[T]he decision... seems to me incomprehensible, unless understood as designed to overrule [Vidal v. Girard's Executors], and every authority from the English chancery cited and commented upon in its support. For such an assault upon the previous decision of this court, wielding a blow so trenchant and fatal at one great and acknowledged head of eauity jurisprudence, the head of trusts, my mind is not prepared. (28) Illustrative of the Taney Court's norms of internal collegiality and mutual respect is Dred Scott, (29) the most divisive decision of the nineteenth century. The Justices' nine separate opinions and the political controversy they engendered foreshadowed the Civil War, the Emancipation Proclamation, and later the adoption and ratification of the post-Civil War amendments to the Bill of Rights. (30)
Justices McLean and Curtis issued dissents, both respectful, cordial, and couched in lofty discourse. (31) Justice McLean objected to anything in the majority opinion beyond its holding that the court below lacked jurisdiction, but he also respectfully addressed the central issue:
In this case, a majority of the court have said that a slave may be taken by his master into a Territory of the United States, the same as a horse, or any other kind of property.... A slave is not a mere chattel. He bears the impress of his Maker, and is amenable to the laws of God and man; and he is destined to an endless existence. (32) Justice Curtis wrote more forcefully, but still respectfully:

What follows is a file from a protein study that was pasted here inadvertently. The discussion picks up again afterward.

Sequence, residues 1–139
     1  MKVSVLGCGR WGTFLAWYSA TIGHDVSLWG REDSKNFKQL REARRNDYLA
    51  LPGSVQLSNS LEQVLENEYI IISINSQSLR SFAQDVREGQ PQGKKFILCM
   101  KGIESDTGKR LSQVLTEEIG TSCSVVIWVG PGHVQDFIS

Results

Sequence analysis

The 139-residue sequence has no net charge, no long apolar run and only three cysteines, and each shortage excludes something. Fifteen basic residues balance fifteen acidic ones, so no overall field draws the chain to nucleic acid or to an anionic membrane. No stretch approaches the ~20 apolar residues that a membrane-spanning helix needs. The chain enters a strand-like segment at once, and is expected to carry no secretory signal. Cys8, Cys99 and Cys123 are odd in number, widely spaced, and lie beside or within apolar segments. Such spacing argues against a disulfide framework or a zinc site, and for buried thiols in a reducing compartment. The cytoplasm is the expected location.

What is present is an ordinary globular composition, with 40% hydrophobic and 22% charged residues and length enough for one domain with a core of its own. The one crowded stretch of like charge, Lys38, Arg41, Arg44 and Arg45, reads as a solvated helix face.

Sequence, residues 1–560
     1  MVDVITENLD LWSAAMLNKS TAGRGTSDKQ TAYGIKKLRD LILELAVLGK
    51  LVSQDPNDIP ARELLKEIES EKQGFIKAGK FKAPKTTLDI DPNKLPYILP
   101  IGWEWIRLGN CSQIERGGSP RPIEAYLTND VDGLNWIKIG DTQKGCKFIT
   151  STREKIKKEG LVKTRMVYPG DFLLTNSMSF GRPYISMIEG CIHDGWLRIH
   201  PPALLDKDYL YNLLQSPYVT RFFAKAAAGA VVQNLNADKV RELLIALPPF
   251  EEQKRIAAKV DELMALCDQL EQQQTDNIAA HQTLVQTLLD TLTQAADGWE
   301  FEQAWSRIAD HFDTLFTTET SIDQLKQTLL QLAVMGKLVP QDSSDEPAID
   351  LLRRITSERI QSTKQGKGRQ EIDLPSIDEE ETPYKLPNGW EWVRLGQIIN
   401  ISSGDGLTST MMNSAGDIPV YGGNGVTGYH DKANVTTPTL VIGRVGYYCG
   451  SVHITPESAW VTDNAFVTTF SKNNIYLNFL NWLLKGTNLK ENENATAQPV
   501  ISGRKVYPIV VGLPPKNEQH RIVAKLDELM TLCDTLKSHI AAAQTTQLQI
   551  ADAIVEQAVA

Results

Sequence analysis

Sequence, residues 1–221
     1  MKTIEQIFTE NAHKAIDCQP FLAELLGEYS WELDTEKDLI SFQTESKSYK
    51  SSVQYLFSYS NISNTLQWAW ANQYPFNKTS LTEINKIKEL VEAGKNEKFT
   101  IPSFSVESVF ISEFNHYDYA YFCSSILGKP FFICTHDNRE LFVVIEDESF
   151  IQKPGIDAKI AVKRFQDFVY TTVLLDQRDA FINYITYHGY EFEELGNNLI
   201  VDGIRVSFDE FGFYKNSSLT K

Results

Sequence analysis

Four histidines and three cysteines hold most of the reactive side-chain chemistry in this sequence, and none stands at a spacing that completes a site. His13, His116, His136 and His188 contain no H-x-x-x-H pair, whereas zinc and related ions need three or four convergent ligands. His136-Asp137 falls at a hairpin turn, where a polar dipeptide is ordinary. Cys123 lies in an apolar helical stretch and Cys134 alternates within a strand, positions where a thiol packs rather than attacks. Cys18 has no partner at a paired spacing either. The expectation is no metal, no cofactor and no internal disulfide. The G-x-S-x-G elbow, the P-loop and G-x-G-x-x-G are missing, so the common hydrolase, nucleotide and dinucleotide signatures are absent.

If this power [to declare who is a citizen] exists, what persons born within the States may be President or Vice President of the United States, or members of either House of Congress, or hold any office or enjoy any privilege whereof citizenship of the United States is a necessarv qualification, must depend solely on the will of Congress. (33) Whatever individual claims may be founded on local circumstances, or sectional differences of condition, cannot... be recognized in this court, without arrogating to the judicial branch... powers not committed to it; and which... I do not think it fitted to wield. (34) And Justice Curtis concluded in an almost apologetic tone, explaining his reasons for writing separately:
I have expressed my opinion, and the reasons therefor, at far greater length than I could have wished, upon the different questions on which I have found it necessary to pass.... These questions are numerous, and the grave importance of some of them required me to exhibit fully the grounds of my opinion.... To have done either more or less, would have been inconsistent with my views of my duty. (35) During Chief Justice Taney's later years and as the Civil War approached, the tone of separate opinions shifted from the norm of respect to reflect increasing hostility. Justices became less concerned about the Court's role as an institution and instead focused their attention on their individual reputations. (36)
C. The Separate Opinion in a Time of Socioeconomic Turmoil
After Chief Justice Taney's death in 1864, Supreme Court Justices filed separate opinions in an expanding range of cases, even while continuing to express reluctance in doing so. (37) But some Justices also occasionally issued unapologetic separate opinions expressing disdain for the Court's opinions. (38)
By the late nineteenth century, separate opinions were no longer considered out of the ordinary. In 1892, a brief dissent issued by Justice Brewer (39) expressly relied on the "elaborate...